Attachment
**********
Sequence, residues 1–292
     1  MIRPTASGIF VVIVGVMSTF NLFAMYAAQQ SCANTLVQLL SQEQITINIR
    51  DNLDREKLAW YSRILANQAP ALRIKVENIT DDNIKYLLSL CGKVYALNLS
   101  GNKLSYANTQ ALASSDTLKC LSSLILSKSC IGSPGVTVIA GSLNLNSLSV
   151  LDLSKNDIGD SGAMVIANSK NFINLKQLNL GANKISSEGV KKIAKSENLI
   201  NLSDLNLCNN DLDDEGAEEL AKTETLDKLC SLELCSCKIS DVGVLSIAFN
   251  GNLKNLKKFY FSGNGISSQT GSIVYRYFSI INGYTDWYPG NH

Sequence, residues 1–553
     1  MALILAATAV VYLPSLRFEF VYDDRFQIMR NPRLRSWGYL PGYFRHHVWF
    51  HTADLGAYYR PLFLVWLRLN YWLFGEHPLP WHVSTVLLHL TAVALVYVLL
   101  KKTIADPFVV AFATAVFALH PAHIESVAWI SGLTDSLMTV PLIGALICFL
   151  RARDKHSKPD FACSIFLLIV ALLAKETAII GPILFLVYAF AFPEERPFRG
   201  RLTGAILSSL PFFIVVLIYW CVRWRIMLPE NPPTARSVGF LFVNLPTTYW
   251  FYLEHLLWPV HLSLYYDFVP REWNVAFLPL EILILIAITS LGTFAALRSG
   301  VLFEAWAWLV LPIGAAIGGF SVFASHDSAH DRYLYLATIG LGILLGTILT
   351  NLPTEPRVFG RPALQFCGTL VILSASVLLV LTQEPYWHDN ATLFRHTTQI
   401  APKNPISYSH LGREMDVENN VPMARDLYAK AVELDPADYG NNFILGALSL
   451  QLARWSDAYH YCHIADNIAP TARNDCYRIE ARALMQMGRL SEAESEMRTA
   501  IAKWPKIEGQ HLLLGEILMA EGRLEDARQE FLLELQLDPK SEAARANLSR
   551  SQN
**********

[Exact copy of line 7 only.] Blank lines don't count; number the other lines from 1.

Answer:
   251  GNLKNLKKFY FSGNGISSQT GSIVYRYFSI INGYTDWYPG NH